This is probably the biggest scare for filmmakers (it was ours, too). So we did the research and found that over 66% of film festivals will accept online films. And with heavyweights like Sundance and SXSW joining the list, this is clearly a growing trend. Take a look at this list to see if the festivals you’re considering are “online friendly”. — Essential List of Festival Eligibility
Does it matter when my film was completed or released?
No. We don’t take the age or release status of the film into consideration when looking for work to feature. As mentioned, we look for great storytelling, and we usually find that if a film contains this, it doesn’t matter when it was made.
What am I paying for?
As with most top tier festivals, we receive so many submissions that we cannot view them all. Your premium submission payment ensures that your film will be viewed by a SOTW curator who takes the time to watch the submission and provide critical commentary. Most festivals reject films without providing any sort of feedback. We’re interested in helping all filmmakers learn and grow, so for less than the cost of a typical festival submission, you can receive helpful notes about your film (both positive and negative).
If I’m not accepted, is my premium submission fee refunded?
No. You’re paying for our time, not guaranteed acceptance.
I made a mistake or changed my mind about submitting. Is there a way for me to get a refund?
No. Unfortunately there’s no easy way for us to refund payments. Please make absolutely sure this is what you want before submitting.
My film was accepted to the best film festivals. That means it’s guaranteed to be accepted at Short of the Week, right?
No. Laurels are nice, but they don’t necessarily translate to a great online viewing experience.
Is Short of the Week affiliated with Vimeo?
No. We operate independently. In full disclosure, co-founder and editor, Jason Sondhi, is an employee of Vimeo. However, all curatorial and editorial decisions are made independently.
If I’m accepted to Short of the Week, will I be staff-picked on Vimeo?
No. We have no affiliation with Vimeo. While there is certainly overlap between the films we feature and those selected by Vimeo and other film curation sites, we operate under completely independent curatorial guidelines.
If I’m accepted, can Short of the Week guarantee that my film will go viral?
No. No one can guarantee that your film will go viral. If anyone tells you differently, they’re probably lying. At Short of the Week, viral is not our goal—in general, few short films ever really go viral. We seek to highlight great, innovative short films regardless of audience size.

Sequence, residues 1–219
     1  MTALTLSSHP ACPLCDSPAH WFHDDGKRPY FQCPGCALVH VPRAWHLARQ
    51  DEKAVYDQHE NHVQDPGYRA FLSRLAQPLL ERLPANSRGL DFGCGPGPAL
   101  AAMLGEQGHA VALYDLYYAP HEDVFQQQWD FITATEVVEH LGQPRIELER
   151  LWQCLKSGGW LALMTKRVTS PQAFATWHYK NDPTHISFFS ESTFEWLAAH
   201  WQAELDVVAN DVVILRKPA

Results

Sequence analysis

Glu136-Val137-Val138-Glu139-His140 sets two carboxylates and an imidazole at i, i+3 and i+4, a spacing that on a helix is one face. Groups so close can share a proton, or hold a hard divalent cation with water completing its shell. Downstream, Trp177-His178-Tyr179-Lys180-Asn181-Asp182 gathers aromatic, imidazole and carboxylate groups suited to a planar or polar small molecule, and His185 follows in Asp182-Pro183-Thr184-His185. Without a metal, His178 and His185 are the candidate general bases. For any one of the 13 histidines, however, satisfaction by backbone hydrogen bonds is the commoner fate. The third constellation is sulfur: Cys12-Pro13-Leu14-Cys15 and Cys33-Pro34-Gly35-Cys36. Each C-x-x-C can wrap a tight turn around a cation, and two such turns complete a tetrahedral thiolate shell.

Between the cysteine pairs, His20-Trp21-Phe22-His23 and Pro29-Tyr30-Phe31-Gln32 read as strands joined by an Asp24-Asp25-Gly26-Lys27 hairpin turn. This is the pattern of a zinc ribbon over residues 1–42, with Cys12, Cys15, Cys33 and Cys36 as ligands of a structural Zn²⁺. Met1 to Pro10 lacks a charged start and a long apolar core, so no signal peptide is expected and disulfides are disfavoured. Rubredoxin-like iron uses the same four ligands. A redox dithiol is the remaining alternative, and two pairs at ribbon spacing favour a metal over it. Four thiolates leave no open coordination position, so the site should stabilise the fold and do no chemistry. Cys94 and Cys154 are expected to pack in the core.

I still have more questions!
Send us a mail and we’ll do our best to answer them for you.
Words from Filmmakers
Joseph Pierce (A Family Portrait)
“Launching A Family Portrait online exceeded the buzz of it’s physical premiere (at a packed theatre at the London Film Festival). With SotW expertise and focus it was exhilarating to see the snowball effect an appreciated piece of work can enjoy. To receive personal emails and comments on boards about your work from professionals and those just enthusiastic about film was humbling. Short of the Week is fast becoming the ‘go to’ place for all things short on the web or not. I was shocked at their knowledge of the British animation scene, no matter how independent a short may be. It’s helped me generate a tangible audience (my twitter followers rocketed after) which is immeasurable, especially in this climate where arts and short form film is financially massively under-supported. I am about to finish a new short and it now feels I have an audience to market it to, a people genuinely excited about what I may do next. This is down to the online launch and it’s success is hugely down to SotW!!!”
Christopher Kezelos (Zero)
“I tried launching Zero online by simply uploading it to YouTube. It went largely unnoticed and after several weeks had received only a few thousand views. Thanks to a more focused launch strategy by Short of the Week, Zero went viral in a few days and has since seen well over half a million views. Due to this success, I’ve signed with an agent and manager and am working with them towards getting a feature off the ground. I have SOTW to thank for their knowledge and support.”